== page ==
Artist dreams her world through painting
Nov30

Artist dreams her world through painting

One evening when Sarah Kelly was in middle school, she decided to draw a picture of Hank Williams for a cousin who was a big fan of the country legend. At some point, she looked at the clock, expecting an hour to have passed. It was 4 a.m. “It was the first time I remember that I was in a zone,” Kelly said. “It was a realization that art was a meditation.”   Kelly grew up drawing, with the support of her mother, artist Cindy Taplin. But it wasn’t until that moment, deep into the night, that she decided to make art her life’s work. A 2007 graduate of West Forsyth High School, Kelly later earned a bachelor’s degree in painting and religious studies from Guilford College. Upon graduation, she moved to Santa Fe, N.M., without knowing anyone, eventually finding work with sculptor Kevin Box. She moved back to Winston-Salem a few years ago, becoming active in the local arts scene, working to promote other artists and selling her art at fairs and pop-up shows. Kelly is director of the gift shop at Sawtooth School for Visual Art, choosing and marketing all the art that is for sale in the shop. Kelly is a versatile artist, who is a trained oil painter but dreams of being a full-time potter. She also makes jewellery and journals. Source:...

Read More
Was Winslow Homer the Greatest American Painter of the 19th Century?
Nov29

Was Winslow Homer the Greatest American Painter of the 19th Century?

Winslow Homer occupies a prized place in the pantheon of American artists, beloved for his bright watercolor landscapes and tempestuous seascapes, as well as his depictions of soldiers during the Civil War, portrayals of African-American laborers in Virginia during the Reconstruction era, and his early illustrations of everyday New England life for Harper’s Weekly. Indeed some regard him as the greatest American painter of the 19th century, as Met curator H. Barbara Weinberg noted in the Heilbrunn Timeline of Art History. But does he deserve this accolade, in a century that also saw the development of the epic Hudson River School painters? As neither a teacher nor a member of a defined artistic group, Homer doesn’t categorize easily. But his art remains enormously popular, and he has long been regarded as one of America’s early artist icons. “The late 19th century was historically seen as being dominated by six artists,” Katherine Manthorne, a professor of American art at the CUNY Graduate Center told me via email, “the so-called ‘national’ triumvirate of Homer, Thomas Eakins, and Albert Pinkham Ryder, who spent most of their time at home…and the ‘internationals’ John Singer Sargent, James Abbott McNeill Whistler, and Mary Cassatt, who were largely expats.”Six artists, each talented and renowned enough to merit inclusion in the country’s top tier of 19th-century painters—so what’s so special, and quintessentially American, about Winslow Homer?   Source:...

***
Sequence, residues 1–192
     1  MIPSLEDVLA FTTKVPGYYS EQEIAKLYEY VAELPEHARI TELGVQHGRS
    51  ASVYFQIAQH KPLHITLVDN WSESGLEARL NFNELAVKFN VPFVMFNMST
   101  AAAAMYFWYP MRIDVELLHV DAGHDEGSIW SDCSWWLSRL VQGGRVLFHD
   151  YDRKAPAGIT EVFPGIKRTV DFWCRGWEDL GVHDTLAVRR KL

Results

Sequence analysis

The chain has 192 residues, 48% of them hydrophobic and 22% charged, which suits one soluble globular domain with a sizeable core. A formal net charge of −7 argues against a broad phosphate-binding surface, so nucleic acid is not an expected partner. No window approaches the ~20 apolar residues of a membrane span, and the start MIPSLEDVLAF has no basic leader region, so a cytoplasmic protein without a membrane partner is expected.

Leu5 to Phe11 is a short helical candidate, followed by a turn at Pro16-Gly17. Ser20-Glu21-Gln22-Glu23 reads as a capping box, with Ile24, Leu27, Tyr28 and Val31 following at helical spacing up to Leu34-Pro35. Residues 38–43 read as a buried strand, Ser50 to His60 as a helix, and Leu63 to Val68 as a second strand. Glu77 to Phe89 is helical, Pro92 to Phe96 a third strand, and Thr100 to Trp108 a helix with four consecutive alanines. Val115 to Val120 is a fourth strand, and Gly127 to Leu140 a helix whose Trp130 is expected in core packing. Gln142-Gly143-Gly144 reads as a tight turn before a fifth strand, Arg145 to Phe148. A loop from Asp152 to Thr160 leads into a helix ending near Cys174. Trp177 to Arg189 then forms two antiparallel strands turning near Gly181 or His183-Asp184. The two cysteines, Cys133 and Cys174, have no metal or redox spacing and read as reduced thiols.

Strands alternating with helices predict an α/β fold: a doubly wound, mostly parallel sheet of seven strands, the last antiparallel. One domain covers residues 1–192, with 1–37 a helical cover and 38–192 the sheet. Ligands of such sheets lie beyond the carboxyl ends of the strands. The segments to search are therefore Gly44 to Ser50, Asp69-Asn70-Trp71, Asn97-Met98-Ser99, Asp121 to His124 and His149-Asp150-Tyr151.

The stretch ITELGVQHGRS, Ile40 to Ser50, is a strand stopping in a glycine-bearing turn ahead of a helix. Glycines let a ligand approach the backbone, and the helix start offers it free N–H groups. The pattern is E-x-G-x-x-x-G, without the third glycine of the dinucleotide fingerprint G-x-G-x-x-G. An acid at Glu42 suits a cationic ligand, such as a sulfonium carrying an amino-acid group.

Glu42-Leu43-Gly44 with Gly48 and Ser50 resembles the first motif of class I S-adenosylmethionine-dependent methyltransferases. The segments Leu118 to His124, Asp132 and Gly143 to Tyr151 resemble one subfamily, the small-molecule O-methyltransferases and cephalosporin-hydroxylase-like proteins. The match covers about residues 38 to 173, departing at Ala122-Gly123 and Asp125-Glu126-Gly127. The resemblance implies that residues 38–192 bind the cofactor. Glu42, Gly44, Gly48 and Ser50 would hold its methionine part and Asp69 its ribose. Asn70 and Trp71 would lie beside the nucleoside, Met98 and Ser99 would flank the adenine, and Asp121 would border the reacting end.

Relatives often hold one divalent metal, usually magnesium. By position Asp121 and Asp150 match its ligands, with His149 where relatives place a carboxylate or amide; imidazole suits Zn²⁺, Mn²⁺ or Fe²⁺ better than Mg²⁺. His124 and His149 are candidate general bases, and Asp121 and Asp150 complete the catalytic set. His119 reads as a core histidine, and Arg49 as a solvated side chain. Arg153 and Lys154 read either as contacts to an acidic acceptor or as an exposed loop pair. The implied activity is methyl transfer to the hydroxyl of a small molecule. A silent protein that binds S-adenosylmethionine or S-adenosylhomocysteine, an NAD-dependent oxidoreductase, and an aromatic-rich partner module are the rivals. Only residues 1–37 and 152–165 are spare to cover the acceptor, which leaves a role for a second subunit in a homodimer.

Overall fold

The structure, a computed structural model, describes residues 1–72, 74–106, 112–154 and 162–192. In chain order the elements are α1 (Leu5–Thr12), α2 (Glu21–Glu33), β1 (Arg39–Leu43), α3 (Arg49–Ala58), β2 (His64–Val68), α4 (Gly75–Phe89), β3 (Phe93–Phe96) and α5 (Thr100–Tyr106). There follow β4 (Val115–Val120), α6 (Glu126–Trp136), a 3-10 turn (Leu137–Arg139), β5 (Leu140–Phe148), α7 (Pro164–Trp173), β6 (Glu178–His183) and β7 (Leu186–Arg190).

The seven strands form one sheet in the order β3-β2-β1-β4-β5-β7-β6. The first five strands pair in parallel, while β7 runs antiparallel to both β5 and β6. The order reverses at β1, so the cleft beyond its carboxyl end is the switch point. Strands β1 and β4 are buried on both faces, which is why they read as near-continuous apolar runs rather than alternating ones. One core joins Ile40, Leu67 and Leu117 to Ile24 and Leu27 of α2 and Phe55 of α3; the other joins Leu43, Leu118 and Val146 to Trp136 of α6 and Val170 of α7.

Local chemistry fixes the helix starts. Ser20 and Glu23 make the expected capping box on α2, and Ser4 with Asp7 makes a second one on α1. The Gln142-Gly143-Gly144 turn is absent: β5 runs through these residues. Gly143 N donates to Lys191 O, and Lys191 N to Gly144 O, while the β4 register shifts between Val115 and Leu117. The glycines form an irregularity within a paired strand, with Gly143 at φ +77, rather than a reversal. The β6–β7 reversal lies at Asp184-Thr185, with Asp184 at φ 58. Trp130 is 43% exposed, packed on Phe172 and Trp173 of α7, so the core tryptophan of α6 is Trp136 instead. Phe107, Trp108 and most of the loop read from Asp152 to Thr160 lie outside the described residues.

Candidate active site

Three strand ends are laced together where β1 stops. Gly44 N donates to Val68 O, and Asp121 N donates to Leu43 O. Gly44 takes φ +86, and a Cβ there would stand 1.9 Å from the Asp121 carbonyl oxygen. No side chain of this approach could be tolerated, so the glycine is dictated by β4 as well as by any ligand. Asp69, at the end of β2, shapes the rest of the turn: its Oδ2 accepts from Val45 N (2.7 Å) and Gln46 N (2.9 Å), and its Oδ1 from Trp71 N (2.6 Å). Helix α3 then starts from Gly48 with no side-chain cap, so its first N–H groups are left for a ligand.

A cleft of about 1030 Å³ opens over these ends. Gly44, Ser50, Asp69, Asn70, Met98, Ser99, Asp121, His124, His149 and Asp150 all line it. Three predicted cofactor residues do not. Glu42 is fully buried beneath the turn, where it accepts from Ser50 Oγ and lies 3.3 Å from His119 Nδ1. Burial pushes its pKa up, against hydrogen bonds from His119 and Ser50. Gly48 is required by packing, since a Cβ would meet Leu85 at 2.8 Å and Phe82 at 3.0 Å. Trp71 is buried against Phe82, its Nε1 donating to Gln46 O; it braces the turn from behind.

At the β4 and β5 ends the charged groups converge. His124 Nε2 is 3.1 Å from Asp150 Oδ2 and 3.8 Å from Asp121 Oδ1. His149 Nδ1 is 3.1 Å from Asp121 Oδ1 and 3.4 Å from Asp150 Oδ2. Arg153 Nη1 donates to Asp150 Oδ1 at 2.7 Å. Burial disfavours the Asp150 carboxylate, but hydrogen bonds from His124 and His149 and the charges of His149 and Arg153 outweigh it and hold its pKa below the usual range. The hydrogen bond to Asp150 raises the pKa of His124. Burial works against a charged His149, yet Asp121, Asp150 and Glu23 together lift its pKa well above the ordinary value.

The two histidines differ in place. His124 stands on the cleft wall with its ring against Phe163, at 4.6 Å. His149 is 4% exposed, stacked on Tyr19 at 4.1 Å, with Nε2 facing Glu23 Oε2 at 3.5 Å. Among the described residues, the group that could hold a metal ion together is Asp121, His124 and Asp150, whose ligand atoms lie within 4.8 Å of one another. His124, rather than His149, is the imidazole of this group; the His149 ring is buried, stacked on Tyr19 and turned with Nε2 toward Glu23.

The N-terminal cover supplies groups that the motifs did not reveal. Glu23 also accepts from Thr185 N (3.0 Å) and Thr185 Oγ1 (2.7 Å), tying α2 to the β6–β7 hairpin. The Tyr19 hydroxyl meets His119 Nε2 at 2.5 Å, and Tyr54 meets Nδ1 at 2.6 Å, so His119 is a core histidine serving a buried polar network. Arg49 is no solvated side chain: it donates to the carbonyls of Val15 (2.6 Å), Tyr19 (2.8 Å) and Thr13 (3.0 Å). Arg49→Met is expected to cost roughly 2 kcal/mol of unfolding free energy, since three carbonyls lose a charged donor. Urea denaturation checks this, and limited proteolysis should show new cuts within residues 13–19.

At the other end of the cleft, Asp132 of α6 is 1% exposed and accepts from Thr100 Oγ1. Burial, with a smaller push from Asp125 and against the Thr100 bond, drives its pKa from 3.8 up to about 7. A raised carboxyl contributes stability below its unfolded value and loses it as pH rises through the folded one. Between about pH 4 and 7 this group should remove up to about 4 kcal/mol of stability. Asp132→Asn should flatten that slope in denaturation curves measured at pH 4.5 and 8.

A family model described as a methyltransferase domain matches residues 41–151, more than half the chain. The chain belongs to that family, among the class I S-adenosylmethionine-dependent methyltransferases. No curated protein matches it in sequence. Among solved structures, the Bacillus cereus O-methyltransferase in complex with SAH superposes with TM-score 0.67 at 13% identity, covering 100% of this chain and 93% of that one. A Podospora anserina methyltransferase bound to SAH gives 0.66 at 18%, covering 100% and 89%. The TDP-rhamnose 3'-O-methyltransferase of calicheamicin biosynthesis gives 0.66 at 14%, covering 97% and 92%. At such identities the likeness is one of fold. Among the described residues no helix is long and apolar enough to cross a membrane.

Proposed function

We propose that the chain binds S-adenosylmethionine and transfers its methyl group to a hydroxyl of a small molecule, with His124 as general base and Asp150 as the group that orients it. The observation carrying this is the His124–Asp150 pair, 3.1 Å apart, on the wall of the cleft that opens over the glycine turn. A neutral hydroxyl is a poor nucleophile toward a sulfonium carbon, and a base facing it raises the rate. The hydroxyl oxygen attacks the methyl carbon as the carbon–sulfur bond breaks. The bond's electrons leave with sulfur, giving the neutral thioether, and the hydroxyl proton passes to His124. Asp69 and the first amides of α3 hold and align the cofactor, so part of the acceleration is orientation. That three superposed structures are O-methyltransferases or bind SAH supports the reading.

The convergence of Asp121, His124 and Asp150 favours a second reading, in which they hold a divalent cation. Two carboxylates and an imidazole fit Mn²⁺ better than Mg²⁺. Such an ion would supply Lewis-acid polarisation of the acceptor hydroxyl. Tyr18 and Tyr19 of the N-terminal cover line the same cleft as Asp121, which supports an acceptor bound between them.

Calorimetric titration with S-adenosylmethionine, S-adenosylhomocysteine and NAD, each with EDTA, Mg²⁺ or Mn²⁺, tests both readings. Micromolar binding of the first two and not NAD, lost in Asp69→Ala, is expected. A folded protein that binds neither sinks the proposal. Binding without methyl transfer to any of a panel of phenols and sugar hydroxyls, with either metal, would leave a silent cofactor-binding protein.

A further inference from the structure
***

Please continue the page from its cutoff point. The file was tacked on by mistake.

Read More
Artist Whose Paintings Are Mass-Produced for Hotel Rooms
Nov22

Artist Whose Paintings Are Mass-Produced for Hotel Rooms

You’d be forgiven for failing to keep up with the hotel-art scene; after all, there aren’t New Yorker gallery listings for Pastoral Landscape at Super 8, Schenectady. Moreover, low-budget hotel art, like office building muzak, seems deliberately chosen to escape notice. It wouldn’t be too surprising to learn that the paintings were somehow there when the walls were erected, part of the hotel drywall package supplied by the contractor. But as it happens, hotel art doesn’t come as part of the build-your-own-hotel starter kit. In fact, hotel art is just a niche of the larger commercial art world. As an artistic discipline, commercial art encompasses hotel art, paintings sold in HomeGoods and Cost Plus, paintings hung on the wall in department stores and small boutiques; essentially, any art you can purchase that doesn’t aspire to gallery placement. And behind each piece is an artist; someone like Brooklyn-based painter John Cerasulo, a professionally trained painter who, after years of museum and gallery exhibitions, transitioned away from the so-called “high-art” world to work full-time as a commercial artist. Now, his paintings hang in furniture stores, gift shops, and, of course, hotels.   Source: Atlas...

Read More